Enable Recite me Accessibility Tools by clicking below:
Accessibility Options
To find out how Recite me works, please see here.

Trust Logo - Return to the homepage

Vascular ultrasound provides pictures of the body's veins and arteries. A Doppler ultrasound study may be part of a vascular ultrasound examination.

Doppler ultrasound is a special ultrasound technique that evaluates blood velocity as it flows through a blood vessel, including the body's major arteries and veins in the abdomen, arms, legs and neck.

 

The procedure

For most ultrasound exams, the patient is positioned lying face-up on an examination table that can be tilted or moved.

A clear water-based gel is applied to the area of the body being studied to help the transducer make secure contact with the body and eliminate air pockets between the transducer and the skin. The sonographer or radiologist then presses the transducer firmly against the skin and sweeps it over the area of interest.

Doppler sonography is performed using the same transducer.

This ultrasound examination is usually completed within 15 minutes.

 

Background information

Sonography is a useful way of evaluating the body's circulatory system. Vascular ultrasound is performed to:

  • help monitor the blood flow to organs and tissues throughout the body.
  • locate and identify blockages (stenosis) and abnormalities like plaque or emboli and help plan for their effective treatment.
  • detect blood clots (deep venous thrombosis (DVT) in the legs or arms.
  • determine whether a patient is a good candidate for a procedure such as angioplasty.
  • evaluate the success of procedures that graft or bypass blood vessels.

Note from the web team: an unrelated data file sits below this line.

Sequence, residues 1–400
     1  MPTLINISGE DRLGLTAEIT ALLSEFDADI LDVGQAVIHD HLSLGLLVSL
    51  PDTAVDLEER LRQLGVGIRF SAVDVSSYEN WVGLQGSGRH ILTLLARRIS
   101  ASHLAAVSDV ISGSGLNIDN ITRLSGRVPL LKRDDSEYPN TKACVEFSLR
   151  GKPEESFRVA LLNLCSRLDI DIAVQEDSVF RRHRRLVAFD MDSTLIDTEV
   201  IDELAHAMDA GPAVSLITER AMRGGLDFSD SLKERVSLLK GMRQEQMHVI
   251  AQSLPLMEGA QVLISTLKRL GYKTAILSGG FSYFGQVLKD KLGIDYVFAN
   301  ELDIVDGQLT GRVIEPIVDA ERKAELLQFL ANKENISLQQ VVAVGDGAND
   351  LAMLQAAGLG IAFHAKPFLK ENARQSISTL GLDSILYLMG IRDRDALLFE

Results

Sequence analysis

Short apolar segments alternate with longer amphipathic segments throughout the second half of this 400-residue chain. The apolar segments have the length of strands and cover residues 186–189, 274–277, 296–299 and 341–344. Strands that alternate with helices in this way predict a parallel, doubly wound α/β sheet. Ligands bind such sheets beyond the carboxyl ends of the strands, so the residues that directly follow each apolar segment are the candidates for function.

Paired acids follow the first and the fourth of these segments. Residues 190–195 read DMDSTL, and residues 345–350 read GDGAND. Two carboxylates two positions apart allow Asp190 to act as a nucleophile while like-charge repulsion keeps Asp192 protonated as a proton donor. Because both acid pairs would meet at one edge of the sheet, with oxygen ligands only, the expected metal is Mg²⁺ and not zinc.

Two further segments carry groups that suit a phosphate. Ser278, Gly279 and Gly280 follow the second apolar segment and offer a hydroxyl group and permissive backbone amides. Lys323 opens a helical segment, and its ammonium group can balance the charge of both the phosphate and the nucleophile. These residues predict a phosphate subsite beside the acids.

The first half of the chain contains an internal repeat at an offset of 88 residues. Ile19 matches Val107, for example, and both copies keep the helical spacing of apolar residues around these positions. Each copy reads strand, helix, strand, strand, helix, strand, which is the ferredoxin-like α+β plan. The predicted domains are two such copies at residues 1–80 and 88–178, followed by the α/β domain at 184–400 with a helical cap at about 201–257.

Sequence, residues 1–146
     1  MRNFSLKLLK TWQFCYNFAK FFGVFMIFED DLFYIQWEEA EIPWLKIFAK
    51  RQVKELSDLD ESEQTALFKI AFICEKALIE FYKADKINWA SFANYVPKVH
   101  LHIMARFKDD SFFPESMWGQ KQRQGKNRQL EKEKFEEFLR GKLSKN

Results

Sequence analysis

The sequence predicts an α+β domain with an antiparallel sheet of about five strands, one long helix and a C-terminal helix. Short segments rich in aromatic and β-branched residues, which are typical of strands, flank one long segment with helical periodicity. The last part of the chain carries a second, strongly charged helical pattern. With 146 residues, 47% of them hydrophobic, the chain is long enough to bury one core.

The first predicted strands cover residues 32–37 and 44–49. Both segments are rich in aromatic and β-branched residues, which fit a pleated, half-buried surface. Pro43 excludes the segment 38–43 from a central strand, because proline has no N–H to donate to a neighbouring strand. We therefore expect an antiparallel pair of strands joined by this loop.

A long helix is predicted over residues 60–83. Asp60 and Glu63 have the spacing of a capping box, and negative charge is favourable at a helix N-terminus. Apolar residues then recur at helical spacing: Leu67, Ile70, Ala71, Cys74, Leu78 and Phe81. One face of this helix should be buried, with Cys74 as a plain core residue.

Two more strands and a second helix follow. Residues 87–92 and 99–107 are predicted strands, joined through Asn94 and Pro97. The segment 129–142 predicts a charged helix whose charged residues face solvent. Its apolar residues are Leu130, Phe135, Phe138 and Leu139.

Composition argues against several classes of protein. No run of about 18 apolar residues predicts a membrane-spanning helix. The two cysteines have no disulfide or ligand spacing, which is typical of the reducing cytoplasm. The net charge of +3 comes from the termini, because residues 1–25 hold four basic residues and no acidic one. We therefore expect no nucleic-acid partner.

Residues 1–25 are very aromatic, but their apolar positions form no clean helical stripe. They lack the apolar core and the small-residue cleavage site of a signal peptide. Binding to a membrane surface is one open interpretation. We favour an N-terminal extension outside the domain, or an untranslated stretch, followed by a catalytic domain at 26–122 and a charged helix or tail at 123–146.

• determine if there is an enlarged artery (aneurysm).
  • determine the source and severity of varicose veins.

 

Doppler ultrasound images can help the physician to see and evaluate:

  • blockages to blood flow (such as clots).
  • narrowing of vessels (which may be caused by plaque).
  • tumors and congenital malformation.

 

What are the limitations of Vascular (arterial) ultrasound?

  • Vessels deep in the body are harder to see than superficial vessels. Specialized equipment or other tests such as CT or MRI may be necessary to properly visualize them.
  • Smaller vessels are more difficult to image and evaluate than larger vessels.
  • Calcifications that occur as a result of atherosclerosis may obstruct the ultrasound beam.
  • Sometimes ultrasound cannot differentiate between a blood vessel that is closed versus one that is nearly closed. Even if there is a very small remaining opening, the weak blood flow produces a sometimes undetectable signal.
  • The test is specialized and is best performed by a technologist and physician with experience and interest in vascular ultrasound imaging.